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HIV Has Become Africa's Biggest Challenge, UNAIDS Warns

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Maputo (dpa) - HIV has undoubtedly become Africa's biggest challenge, the United Nations Programme on HIV/AIDS warned at the start of the African Union summit in Mozambique on Thursday.

Up to 1,000 adults and children were dying of the disease every day in some of the worst-affected countries in Africa where an estimated 30 million of the world's 42 million infected adults live, the agency said.

"Sixty million Africans have been touched by Acquired Immune Deficiency Syndrome (AIDS) in the most immediate way. They are either living with HIV, have died of AIDS or they have lost their parents to AIDS. But the toll of those directly affected is even higher," said UNAIDS director Dr Peter Piot.

He was speaking at the international Global Forum on Health and Development at the summit in the capital Maputo that has attracted about 40 heads of state and senior officials of the 53 member body.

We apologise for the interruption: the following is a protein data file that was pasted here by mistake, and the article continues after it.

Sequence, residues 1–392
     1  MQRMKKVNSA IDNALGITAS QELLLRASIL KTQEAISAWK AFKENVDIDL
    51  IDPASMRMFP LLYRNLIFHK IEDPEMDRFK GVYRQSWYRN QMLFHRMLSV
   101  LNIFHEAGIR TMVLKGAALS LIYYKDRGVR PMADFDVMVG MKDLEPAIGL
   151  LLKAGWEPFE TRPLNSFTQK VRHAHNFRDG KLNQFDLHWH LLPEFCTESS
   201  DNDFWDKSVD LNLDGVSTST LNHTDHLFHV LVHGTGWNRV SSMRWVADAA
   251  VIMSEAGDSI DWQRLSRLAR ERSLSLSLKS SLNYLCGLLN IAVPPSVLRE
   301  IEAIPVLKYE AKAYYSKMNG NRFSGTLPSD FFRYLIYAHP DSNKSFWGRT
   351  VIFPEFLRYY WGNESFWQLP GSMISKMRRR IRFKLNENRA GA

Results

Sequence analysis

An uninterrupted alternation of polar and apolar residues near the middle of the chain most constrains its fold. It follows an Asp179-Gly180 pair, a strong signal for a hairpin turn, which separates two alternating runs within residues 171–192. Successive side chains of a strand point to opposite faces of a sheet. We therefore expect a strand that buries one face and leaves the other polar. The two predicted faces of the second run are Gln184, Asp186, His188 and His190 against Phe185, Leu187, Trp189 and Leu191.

According to estimates by the World Health Organisation and UNAIDS, the continent would need around 5.2 billion dollars annually for HIV/AIDS prevention, treatment, care and support programmes by 2005.

"Only if AIDS is rapidly brought under control will social and economic development be able to flourish," Piot noted. "This can become a reality, if African leaders make it their business to invest in both AIDS prevention and care and treatment."

Copyright 2003 dpa Deutsche Presse-Agentur GmbH

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